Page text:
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The Darkroom: From negative to positive

London's the Darkroom has developed a brilliant facility, and a unique mixing service, ensuring its future success in the age of bedroom recording

For over 40 years, the property at 14 Chaplin Road in north London has remained a recording a studio. It began as Morgan Studio 4 in 1974 where the likes of Lou Reed and Cat Stevens recorded there. In 1980 it became part of Zomba’s collection of Battery Studios in London. Music producer Steve Lipson (Annie Lennox, Pet Shop Boys) took it over in 2001 and renovated the studio with acoustic consultancy Munro Acoustics.

Today, it’s known as The Darkroom and current owner/engineer Anthony Long (Hawkwind, Sugababes), has turned the studio into a forward-thinking digital music facility. A recent substantial refit from pro-audio suppliers HHB Communications has allowed The Darkroom to embrace the future of audio even further.

HHB provided The Darkroom with a Rosendahl nanoclocks GL master clock generator, Avantone MixCubes for reference monitoring, a Tube Tech MEC 1A recording channel, Maag Audio EQ4 – 500 Series EQ and a UAD-2 QUAD plug-in package from Universal Audio.

One final piece of kit, a 48-channel Merging Technologies Horus networked audio interface allows The Darkroom’s clients to take advantage of Audio-over-IP using RAVENNA on a single Cat5 or MADI from USB.

Despite its fondness for digital, The Darkroom doesn’t shun analogue – there are Studer, Ampex and Otari tape machines available at the studio, and Long is a huge fan of the analogue Neve VR desk – but it definitely endorses digital’s flexibility, which is why the control room is centred around the UK’s only Neve 88D digital mixing console.

“The 88D simply blew me away when it came to workflow and signal flow possibilities. What I find truly remarkable is that rather than thinking ‘I’ve run out of channels, better submix’, I can just allocate more channels. Or more groups. Or more cue mixes for foldback. Or we can setup a 5.1 film mix at the same time we’re doing the stereo mix. Or I can just drop in EQ and dynamics processing to the drum group.”

The ability to configure the console on the fly has allowed Long to offer a unique service to his clients, who can just show up with their laptop, plug in, and mix.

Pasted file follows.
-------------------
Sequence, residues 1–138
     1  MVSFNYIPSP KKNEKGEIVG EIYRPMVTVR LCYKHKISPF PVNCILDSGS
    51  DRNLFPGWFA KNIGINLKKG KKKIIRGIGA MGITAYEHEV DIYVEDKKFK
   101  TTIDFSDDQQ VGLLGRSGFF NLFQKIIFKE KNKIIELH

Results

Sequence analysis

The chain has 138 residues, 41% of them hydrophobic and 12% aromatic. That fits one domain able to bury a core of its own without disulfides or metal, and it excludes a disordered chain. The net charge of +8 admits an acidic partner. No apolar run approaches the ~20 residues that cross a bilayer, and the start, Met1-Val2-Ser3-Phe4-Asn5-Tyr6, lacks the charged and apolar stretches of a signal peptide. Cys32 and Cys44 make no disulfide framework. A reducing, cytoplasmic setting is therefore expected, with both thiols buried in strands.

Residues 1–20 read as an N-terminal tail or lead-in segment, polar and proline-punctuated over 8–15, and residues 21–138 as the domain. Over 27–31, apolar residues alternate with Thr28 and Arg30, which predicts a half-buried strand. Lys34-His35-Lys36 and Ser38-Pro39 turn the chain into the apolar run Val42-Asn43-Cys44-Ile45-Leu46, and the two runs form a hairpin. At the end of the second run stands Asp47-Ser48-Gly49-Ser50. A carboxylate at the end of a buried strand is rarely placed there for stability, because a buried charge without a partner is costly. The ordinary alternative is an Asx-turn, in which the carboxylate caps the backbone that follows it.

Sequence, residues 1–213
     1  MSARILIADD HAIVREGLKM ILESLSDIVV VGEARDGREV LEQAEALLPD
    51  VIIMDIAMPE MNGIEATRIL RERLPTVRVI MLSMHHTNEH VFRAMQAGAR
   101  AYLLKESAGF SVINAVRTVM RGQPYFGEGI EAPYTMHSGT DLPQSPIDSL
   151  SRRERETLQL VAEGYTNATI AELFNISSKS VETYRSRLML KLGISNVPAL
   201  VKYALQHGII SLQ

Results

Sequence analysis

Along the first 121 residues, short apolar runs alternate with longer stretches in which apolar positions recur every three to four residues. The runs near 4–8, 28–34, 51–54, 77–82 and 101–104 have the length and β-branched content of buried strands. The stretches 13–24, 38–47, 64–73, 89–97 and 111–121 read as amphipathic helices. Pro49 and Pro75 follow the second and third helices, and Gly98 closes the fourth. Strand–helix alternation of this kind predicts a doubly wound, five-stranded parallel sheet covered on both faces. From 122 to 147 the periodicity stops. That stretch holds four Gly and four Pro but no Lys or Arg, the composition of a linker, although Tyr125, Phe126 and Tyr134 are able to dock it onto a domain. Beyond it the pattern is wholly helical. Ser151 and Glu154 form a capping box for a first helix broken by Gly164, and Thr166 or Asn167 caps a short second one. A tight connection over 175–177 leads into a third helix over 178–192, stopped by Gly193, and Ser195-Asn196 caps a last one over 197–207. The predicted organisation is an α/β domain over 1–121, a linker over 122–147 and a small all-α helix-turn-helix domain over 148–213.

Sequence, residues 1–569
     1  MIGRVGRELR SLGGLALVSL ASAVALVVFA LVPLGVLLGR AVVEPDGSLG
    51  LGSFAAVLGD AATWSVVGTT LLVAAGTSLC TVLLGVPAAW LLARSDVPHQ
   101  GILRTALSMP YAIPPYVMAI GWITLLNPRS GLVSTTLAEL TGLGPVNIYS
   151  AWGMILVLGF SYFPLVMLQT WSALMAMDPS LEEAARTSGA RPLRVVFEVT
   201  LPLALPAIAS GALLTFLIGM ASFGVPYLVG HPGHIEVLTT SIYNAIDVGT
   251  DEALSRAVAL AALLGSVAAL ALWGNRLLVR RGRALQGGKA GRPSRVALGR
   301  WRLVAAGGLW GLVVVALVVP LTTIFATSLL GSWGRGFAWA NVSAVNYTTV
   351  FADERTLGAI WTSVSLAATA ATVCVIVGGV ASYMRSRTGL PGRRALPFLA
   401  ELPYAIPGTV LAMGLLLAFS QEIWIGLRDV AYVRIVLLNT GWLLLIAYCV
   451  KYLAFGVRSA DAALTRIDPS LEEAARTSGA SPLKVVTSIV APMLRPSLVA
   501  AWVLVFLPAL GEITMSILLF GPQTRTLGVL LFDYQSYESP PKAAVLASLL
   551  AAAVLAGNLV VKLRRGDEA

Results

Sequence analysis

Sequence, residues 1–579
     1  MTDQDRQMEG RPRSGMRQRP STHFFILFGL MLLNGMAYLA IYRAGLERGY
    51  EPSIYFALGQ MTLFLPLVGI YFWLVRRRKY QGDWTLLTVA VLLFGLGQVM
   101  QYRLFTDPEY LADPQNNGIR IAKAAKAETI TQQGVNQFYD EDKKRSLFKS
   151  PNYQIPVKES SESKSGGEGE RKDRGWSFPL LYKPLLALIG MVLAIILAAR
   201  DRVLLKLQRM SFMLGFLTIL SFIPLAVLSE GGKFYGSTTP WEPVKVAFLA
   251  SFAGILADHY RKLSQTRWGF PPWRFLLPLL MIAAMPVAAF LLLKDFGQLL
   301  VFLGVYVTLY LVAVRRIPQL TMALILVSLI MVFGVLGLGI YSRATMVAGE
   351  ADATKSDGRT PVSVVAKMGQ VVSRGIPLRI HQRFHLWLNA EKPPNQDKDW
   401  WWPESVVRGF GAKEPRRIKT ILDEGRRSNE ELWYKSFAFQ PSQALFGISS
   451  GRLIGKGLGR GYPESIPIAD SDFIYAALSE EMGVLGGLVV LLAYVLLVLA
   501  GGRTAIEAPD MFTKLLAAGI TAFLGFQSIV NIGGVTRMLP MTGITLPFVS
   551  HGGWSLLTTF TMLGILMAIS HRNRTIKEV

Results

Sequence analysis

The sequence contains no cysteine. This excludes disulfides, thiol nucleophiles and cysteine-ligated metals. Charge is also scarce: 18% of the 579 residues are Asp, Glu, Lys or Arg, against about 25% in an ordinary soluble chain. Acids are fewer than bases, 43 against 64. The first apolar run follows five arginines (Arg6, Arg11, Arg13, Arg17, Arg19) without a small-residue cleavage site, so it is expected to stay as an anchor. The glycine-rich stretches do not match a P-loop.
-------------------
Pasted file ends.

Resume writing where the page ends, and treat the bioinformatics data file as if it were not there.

“The idea behind my turn up and mix service stems from seeing some very well known dance producers book out Metropolis Room 2, and proceed to bring their laptops, and only use the bus compressor and the monitoring system,” says Long.

“Seeing that, and witnessing the decline in midsize studios, I had the realisation that a lot of artists are producing their own stuff, be it due to budget constraints, a desire for more creative control, or because they’re doing it on the road as part of a busy tour schedule. So then it struck me – rather than fighting that, why not cater to it?”

Long has set up The Darkroom in such a manner that “clients can turn up with their laptop and DAW of choice, and within just a few minutes be fully integrated with my studio (audio, timecode, machine control, house sync, etc). So say they’re a rock guitarist and songwriter – they’re probably going to track their guitars at home, possibly even vocals, but they just can’t get Addictive Drums sounding real enough. They can turn up, and be running 48 channels into their DAW before their session drummer has finished tuning!”

The analogue vs. digital debate rages on amongst consumers, who are streaming more and more digital content online while at the same time buying a record number of turntables from Amazon. Digital audio doesn’t guarantee there will continue to be a studio at 14 Chaplin Road 40 years from now, but accommodating a digital recording process means a steady stream of clients at The Darkroom.

“The fact that more and more people are working in the box says a lot about digital audio and how it’s progressed, and my room offers the ultimate in the digital market,” concludes Long. “Time, and the charts, will show how many clients agree.”